pascalwager wrote:Jefferson has the entire lineup of DFA VA funds: LV, SV, ILV, IS, STFI, and Global Bond. If you have a few hundred thousand dollars in a VA, then a rollover could bring you down to single-digit basis points for fees. You'd certainly want to minimize rebalancing at $50 per trade. This merits further study.

The prospectus states that some funds can only be purchased if the contract owner is working with an adviser approved by the fund. Although no fund is mentioned by name, that sounds like DFA to me. Can anyone confirm that DFA funds are open to all owners, even those without approved advisers?

I have a VVA that currently holds REITs and ST investment grade. Transitioning to JefNat would cut my fees by a few hundred dollars -- which is attractive but not compelling to me, especially given the (perhaps only "apparent") risk of switching to a lesser-known company. However, if I could cut fees AND get access to DFA in the bargain, that might get me to pull the trigger.

Thanks.
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Re: Bonds in a taxable account - use a variable annuity

Postby windfall900 » Sun Dec 09, 2012 2:05 pm

Socrativestor wrote:Transitioning to JefNat would cut my fees by a few hundred dollars -- which is attractive but not compelling to me, especially given the (perhaps only "apparent") risk of switching to a lesser-known company.


Why is this a risk given DDB's point above about company quality not mattering for variable annuities?
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Re: Bonds in a taxable account - use a variable annuity

Postby Socrativestor » Mon Dec 10, 2012 10:30 am

windfall900 wrote:
Socrativestor wrote:Transitioning to JefNat would cut my fees by a few hundred dollars -- which is attractive but not compelling to me, especially given the (perhaps only "apparent") risk of switching to a lesser-known company.


Why is this a risk given DDB's point above about company quality not mattering for variable annuities?

I expressed myself inartfully. Sorry. I do not know of any specific risk with JefNat but in a Murphy's Law world I suppose I am willing to pay a little bit for a "brand name" and the (perhaps irrational) comfort that it brings me. Some piece of me thinks that there has to be SOME advantage in SOME situation to being with Vanguard -- and for a few hundred bucks I'm satisfied with that answer for me. Your situation (as I understand it) is clearly different.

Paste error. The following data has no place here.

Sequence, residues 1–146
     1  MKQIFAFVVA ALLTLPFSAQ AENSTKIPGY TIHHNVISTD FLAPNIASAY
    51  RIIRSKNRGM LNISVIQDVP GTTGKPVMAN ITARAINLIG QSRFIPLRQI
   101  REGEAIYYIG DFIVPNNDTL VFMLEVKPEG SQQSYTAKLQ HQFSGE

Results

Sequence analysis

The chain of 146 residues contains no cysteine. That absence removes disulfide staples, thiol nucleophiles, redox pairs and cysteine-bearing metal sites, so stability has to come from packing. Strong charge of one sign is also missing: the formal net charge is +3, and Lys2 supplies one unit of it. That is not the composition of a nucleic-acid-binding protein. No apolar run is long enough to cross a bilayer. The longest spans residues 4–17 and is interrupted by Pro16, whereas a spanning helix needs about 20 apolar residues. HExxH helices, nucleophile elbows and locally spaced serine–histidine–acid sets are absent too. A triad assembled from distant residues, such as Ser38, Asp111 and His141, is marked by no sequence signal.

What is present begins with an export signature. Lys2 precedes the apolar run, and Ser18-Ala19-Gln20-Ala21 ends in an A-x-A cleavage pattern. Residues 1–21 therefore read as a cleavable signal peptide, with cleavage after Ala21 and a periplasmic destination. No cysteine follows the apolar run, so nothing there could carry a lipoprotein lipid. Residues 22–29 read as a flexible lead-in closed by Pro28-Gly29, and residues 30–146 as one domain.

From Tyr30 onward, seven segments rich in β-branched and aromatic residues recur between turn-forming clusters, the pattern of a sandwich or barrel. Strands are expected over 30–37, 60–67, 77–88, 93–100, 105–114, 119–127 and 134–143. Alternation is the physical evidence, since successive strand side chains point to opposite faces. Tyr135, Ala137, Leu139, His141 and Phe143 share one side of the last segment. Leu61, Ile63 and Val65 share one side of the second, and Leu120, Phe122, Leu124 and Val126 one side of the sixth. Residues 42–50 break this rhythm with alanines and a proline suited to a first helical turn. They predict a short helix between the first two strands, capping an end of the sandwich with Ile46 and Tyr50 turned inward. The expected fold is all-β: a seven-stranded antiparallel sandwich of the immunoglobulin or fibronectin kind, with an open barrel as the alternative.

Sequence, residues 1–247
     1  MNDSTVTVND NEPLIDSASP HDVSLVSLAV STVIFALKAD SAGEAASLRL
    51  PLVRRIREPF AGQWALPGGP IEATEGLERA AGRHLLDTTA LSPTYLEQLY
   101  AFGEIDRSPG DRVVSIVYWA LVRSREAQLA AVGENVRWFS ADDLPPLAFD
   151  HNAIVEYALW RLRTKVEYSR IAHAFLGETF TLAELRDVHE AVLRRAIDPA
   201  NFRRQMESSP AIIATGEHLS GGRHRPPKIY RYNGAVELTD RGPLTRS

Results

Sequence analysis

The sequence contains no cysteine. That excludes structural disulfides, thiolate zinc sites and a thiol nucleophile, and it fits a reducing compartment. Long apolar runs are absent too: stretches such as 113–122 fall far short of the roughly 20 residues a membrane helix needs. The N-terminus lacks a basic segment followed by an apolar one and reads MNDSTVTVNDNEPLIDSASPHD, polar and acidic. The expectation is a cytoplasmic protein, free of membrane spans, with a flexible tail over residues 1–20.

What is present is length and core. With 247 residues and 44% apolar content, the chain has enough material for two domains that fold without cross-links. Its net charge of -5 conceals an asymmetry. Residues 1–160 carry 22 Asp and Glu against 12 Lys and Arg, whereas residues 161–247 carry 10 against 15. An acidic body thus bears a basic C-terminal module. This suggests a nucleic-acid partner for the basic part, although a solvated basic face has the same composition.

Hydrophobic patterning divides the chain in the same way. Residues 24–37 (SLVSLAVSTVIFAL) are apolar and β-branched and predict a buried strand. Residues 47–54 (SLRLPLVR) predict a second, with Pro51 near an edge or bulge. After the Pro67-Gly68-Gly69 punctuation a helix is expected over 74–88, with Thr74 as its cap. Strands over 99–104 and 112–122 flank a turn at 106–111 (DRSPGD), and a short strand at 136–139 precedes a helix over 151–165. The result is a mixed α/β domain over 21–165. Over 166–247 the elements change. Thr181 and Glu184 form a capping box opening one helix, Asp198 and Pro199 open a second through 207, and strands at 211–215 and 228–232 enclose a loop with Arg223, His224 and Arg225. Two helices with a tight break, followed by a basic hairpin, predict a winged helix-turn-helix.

OTOH -- since I came across this thread I've been doing some digging online. Partly out of curiosity, etc. And I think I am becoming persuaded that switching might be a reasonable thing to do. The bigger problem is how to invest the VA. I'm currently roughly 50% REIT and 50% ST IG Bond. I am loathe to "chase yield", extend duration, etc. And yet earning sub 1% (which might just break 1% with the decrease in fees) on the ST IG is breaking my heart. In the high-yield argument between Rick and Larry, I've traditionally come down on Larry's side (i.e. no high yield), but the current landscape certainly making VG HY tempting. And then I see the past run-up and think about a possible coming fall and ...

The best I think I can do is try to find ways to shift the rest of my portfolio to get as much fixed income through TIAA Traditional @ 3%, which might even mean that some portion of my VA gets allocated to equity. In this case, gaining access to DFA would be attractive since I can't access it elsewhere. Even if I stayed with VVA equity sub-accounts, switching to JefNat still might make sense, I think.

Interested in hearing more from others.

Thanks.
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Re: Bonds in a taxable account - use a variable annuity

Postby Socrativestor » Mon Dec 10, 2012 12:11 pm

In my continuing research, I came across this page of JefNat publications (some of which can only be accessed by advisers): http://www.jeffnat.com//resources/publications.cfm

Of particular interest to the risk/safety issue:

"Monument Advisor: A Pure Separate Account Product"

Monument Advisor is different from many other variable annuities in a number of fundamental ways. Here’s one that’s particularly appealing: It’s a pure separate account product. This means investors who choose Monument Advisor aren’t exposed to Jefferson National’s credit risk during the period when the annuity is accumulating funds. To understand how this works, read through the simple explanation below. It explains more about separate accounts, insurance guarantees and how this benefit separates you and Monument Advisor from the pack.


If In understand this correctly, as long as you don't depend on one of the riders and also do not annuitize with JefNat, then you should be completely independent of JefNat's credit risk.

---

On a slightly related note, I also discovered that JefNat's financial strength rating had been downgraded in 2009 to B- from B (http://www3.ambest.com/Frames/Frameserver.asp?site=press&Tab=1&altsrc=2&RefNum=65494652774946546650).

In March 2012 JefNat's financial strength rating was upgraded from to B+ from B due in part to new capital from private equity firms and family offices (http://www3.ambest.com/frames/frameserver.asp?site=press&tab=1&altsrc=&altnum=&refnum=65494656774946546655). (I didn't look for the intermediate upgrade back to B from B-.)

It seems that now JefNat is owned to some degree by some of its customers (I presume) -- i.e. high-net worth individuals and families keeping alive a low-cost vehicle for their own tax-deferred investing. Makes me feel a little more secure. "Cooks eating their own cooking" and all that ... :beer
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Re: Bonds in a taxable account - use a variable annuity

Postby boggler » Tue Jul 16, 2013 2:30 am

Does anyone here actually have an account with Jefferson National?